7 Steps to a Better Design System | Think Company

Design systems align product teams and foster partnership between development and design. As the system evolves, it will need maintenance and governance to keep it operating at full capacity. There may come a time in your design career when you are asked to repair or rethink an existing design system. It’s going to be messy. It’s going to take a lot of time and a lot of energy. You’re going to have to unite teams across the organization. Designers, developers, product owners, and stakeholders will have to be involved and informed along the way. But if you put in the work and stick to it, you’re going to come out on the other side feeling like a champion.

The steps below break down the process we follow here at Think Company to establish, evolve, or develop processes to maintain Design Systems. It is a process that has worked well for our teams and clients on projects of all shapes and sizes.

1. Take a Design Inventory

To start, spend time identifying and categorizing patterns within the existing design system.

  • Hunt and Gather — Go through each screen of the application and take screenshots of unique instances of the elements that build up the interface: typography, color, input fields, iconography, navigation, images, buttons, etc. These screenshots will help you visually analyze everything later on.

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2. Do a Design Audit

During the design inventory, you built the foundation for your design audit. Now it’s time to get critical about the styles, patterns, and components you’ve collected. If there are four different date pickers that do the same thing, you can consolidate those into one component.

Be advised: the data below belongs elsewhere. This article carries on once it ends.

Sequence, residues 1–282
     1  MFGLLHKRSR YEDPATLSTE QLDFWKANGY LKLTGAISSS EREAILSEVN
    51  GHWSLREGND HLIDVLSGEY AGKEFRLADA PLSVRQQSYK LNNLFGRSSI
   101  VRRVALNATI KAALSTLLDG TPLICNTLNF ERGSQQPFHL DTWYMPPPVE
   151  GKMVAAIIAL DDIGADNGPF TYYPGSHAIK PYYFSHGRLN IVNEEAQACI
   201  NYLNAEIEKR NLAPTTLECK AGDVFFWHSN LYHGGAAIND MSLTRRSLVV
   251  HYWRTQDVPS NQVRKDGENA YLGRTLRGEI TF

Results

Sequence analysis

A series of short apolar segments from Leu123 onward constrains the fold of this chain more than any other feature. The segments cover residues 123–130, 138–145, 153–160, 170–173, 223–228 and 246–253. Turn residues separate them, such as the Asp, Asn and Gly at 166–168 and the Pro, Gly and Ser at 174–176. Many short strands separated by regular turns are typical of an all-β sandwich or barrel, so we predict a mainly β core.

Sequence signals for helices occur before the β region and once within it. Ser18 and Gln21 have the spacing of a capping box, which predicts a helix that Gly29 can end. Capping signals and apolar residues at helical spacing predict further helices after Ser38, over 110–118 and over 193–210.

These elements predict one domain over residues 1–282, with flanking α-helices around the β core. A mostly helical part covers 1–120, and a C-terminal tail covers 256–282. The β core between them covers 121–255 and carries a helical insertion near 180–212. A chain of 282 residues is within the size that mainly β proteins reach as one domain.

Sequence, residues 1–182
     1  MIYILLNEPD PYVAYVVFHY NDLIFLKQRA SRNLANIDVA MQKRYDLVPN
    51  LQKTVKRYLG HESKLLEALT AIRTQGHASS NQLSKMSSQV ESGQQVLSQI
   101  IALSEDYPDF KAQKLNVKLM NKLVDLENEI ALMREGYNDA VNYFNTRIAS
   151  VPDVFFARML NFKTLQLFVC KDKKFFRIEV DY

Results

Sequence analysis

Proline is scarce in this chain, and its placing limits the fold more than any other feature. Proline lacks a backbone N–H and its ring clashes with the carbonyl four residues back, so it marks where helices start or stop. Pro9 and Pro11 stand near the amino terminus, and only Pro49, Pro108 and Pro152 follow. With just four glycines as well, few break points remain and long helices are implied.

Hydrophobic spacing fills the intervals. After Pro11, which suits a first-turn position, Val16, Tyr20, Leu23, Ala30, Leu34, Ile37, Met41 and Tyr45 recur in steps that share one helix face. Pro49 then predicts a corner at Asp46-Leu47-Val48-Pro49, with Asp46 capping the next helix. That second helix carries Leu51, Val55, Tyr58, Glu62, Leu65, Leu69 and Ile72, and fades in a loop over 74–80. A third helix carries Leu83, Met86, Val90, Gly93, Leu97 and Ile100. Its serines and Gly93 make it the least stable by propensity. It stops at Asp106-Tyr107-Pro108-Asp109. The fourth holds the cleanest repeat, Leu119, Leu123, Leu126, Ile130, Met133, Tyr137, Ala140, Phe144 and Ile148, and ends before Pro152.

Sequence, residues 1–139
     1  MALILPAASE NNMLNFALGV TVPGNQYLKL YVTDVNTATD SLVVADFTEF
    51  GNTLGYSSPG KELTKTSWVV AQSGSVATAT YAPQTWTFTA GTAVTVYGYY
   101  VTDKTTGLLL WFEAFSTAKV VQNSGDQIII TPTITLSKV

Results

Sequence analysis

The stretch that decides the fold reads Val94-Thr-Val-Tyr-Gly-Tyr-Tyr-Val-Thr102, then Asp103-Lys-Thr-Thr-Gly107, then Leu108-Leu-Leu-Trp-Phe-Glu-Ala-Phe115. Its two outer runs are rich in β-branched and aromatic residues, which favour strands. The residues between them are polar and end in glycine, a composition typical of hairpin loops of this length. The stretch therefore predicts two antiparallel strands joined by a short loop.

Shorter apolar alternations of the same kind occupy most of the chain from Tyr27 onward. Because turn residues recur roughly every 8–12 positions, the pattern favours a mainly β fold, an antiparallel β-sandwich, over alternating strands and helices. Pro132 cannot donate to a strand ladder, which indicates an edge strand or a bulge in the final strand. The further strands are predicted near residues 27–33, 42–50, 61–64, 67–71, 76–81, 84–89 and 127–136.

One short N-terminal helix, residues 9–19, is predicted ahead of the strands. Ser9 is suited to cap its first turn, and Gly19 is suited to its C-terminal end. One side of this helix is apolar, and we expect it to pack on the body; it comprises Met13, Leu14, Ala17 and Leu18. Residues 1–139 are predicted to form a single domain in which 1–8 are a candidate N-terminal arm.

• Categorize — Take your screenshots and group them so that you can see all of the elements together. This will help you identify differences and commonalities.

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  • Airtable is ideal for categorizing and analyzing your data.

3. Begin System Modeling

Before you start tearing down the old design system to build up the new one, you’ll need to have a plan. That plan will help you understand what should be in the system, and more importantly, what should be left out.

  • Define UI Library Objects — Based on the system inventory & audit, compile a list of objects to be included in the UI Library. You’ll want to factor in the client product roadmap, front-end capabilities, design and technical debt, and more.

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  • Google Slides is a great way to document, present and share your plan with stakeholders.

4. Discuss with the Team

Design systems are not created-or reimagined-in a vacuum. It’s time to share your findings and get input. This is a chance to refine concepts and clearly outline the work ahead. These discussions should include stakeholders and developers as well as designers. The discussion can be handled in a few different ways:

  • One on One — Get together with a design lead, stakeholder, product owner, or another decision maker and dig through the inventory together. Keeping the number of opinions in the room small will keep you focussed as you refine the inventory.

5. Create the System

The design inventory gave you a bird’s-eye view of the existing design system. The design audit helped you understand what needed to change, and the system model gave you a plan. Now, it’s time to do the work and explain the new system to everyone else.

  • Design — Using all of the evidence gathered so far, start making meaningful changes to the existing system.

6. Review with the Team Again

Now that you have documented your components, it’s time to share out your work and get feedback. Make sure to include people outside of the design team.

7. Publish

You’re done (for now)! Push the finalized documentation to the storefront. But before you do:

  • Double Check Your Work — Have all requested changes been made? Did you catch all of the typos? Go through everything one more time to make sure it’s as clean as it can be.

Additional Links and Resources

Originally published at https://www.thinkcompany.com on August 13, 2020.

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